CINEMA: Wings Of Desire


2014, directed by Alejandro González Iñárritu, 119 minutes, U.S.)

BY DAN BUSKIRK FILM CRITIC Birdman would appear to be the most acclaimed film of the year and it is easy to be swept up as its backstage drama takes flight. This sort of behind-the-curtains look at the world of theater has a long history in the world of small scale art films but director Alejando González Iñárritu (Amores Perros, 21 Grams) juices up the precedings with a modern blockbuster dynamism and creates a film that is unlike much else we’ve seen in modern cinema. In a seamless single shot, all the action swoops, swerves and swings around Riggan (the all-but-forgotten Michael Keaton), an actor hoping to bounce back from a career slump by directing and starring in a new Broadway play based on author Raymond Carver’s moody midlife work. It is just days before the play’s debut and Riggan paces urgently throughout the theater while opening night looks doomed to collapse into chaos. The film flows freely in and out of Riggan’s perceptions, with the realities of staging a show occasionally interrupted by his cinematic alter-ego Birdman, the costumed superhero that once made him a movie star.

There is a lot to dazzle the eyeball in Birdman and cinematographer Emmanuel Lubezki should be given credit front and center. When you consider this 50-year-old Mexico City native has shot such visual extravaganzas as Like Water For Chocolate, Children of Men, Terrence Malick’s The Tree of Life and Gravity you have to believe a great deal of Birdman‘s feverish, transcendent quality comes from this modern cinema master. But at the center of Lubezki’s breathtaking work is Michael Keaton, a major rediscovery 22 years after his box-office heights as Batman and probably 15 since he has been widely seen in a substantial role. With the actor and the roles being so closely matched here there is an almost documentary sense that we are witnessing Keaton in a late career-defining moment as he steers his jerry-rigged production down the runway. Like Marcello Mastroianni in 8 ½ there is a giddy and poignant parade passing by Riggan and it is his weary reaction to it all that supplies much of the film’s soul. Often scored by a single jazz drummer’s skittering rhythms, Keaton is all darting eyes and rat-tat dialogue, reminding us it his quick facility with comedy, drama and everything in between.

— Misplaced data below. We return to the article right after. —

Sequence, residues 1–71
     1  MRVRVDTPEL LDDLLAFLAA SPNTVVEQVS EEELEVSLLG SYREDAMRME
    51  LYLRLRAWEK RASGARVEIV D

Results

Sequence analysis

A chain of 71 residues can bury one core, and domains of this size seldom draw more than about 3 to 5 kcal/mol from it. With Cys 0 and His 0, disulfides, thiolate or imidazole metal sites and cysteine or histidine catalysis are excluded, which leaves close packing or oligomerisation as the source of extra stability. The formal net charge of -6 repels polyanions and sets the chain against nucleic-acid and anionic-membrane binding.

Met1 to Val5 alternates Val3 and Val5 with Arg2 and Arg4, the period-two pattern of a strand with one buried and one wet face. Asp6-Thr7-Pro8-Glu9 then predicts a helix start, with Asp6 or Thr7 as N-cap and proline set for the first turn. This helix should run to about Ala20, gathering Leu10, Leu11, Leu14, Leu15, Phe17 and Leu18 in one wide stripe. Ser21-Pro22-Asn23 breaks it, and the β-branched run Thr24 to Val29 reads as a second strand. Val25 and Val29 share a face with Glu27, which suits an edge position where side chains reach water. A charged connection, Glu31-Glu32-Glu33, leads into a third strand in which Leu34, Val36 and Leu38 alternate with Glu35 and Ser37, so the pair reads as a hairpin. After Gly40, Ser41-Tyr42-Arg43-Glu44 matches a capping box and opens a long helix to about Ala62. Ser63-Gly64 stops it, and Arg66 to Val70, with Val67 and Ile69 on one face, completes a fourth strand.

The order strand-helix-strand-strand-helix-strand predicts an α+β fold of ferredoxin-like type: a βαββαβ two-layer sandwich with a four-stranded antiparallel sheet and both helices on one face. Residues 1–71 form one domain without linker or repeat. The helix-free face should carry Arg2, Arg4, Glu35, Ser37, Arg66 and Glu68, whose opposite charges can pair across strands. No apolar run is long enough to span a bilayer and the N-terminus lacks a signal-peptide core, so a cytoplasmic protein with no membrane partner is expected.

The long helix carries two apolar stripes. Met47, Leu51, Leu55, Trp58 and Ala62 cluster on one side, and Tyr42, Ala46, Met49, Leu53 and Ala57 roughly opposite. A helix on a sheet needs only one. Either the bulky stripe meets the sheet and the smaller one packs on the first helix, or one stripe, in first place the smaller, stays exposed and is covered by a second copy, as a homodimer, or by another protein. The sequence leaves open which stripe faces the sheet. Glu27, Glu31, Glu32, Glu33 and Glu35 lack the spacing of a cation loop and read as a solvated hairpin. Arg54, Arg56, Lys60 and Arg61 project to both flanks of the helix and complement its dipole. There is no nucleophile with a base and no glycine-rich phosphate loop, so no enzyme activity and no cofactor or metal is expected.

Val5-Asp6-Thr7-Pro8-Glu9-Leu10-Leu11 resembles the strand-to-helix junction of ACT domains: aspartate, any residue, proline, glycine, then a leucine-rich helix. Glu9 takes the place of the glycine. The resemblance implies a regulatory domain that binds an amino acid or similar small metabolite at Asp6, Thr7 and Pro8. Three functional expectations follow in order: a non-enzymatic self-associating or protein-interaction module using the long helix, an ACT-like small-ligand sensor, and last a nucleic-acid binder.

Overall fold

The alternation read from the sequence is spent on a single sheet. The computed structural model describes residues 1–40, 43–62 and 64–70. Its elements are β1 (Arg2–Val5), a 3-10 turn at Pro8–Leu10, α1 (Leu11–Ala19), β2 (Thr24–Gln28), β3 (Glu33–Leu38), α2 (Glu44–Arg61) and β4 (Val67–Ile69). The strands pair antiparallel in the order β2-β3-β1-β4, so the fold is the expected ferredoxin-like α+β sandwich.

But the film is not exclusively from Riggan’s perspective, a number of actors make impressions as they race through the whirlwind, notably Ed Norton as Mike, the Broadway star with weight to throw around and Emma Stone as Sam, Riggan’s daughter, who is trying to reestablish their relationship between rehearsals. Both are seen as psychic threats to Riggan. Mike with his status as a bad boy Broadway success is willing to do anything to deliver his performance, even if it means challenging Riggan at every turn. Sam is a threat because she is a continual reminder of Riggan’s personal failures. Riggan would like both Sam and Mike’s respect but can he please them and still perform the task at hand? Everyone Riggan is working with is crucial to his play’s success yet everyone seems capable of bringing the production to its knees as opening night looms.

As with 2013’s Gravity, Iñárritu uses the latest technological advances to give his story an irresistible sense of momentum, a fitting style for a story set in the one-take world of theater. Yet Birdman is not theater, due to subtle computer trickery Iñárritu can direct every event to hit its mark at his exact cue. Everything in the film is so artfully orchestrated that by the end of the film the viewer has danced through the film but we never get to find our bearings and actually live in it. Birdman is defined by its frenzied pace and with that pace something reflective is inescapably lost. As the corniest of all endings waits for our battle-scarred Riggan the film finally lands on a weak leg, its final lessons too shallow for the dark realities that Riggan’s journey and Keaton’s performance have revealed heretofore. Birdman’s visceral thrills are real, but it hurts that its final insights veer so sharply toward the cheerfully facile.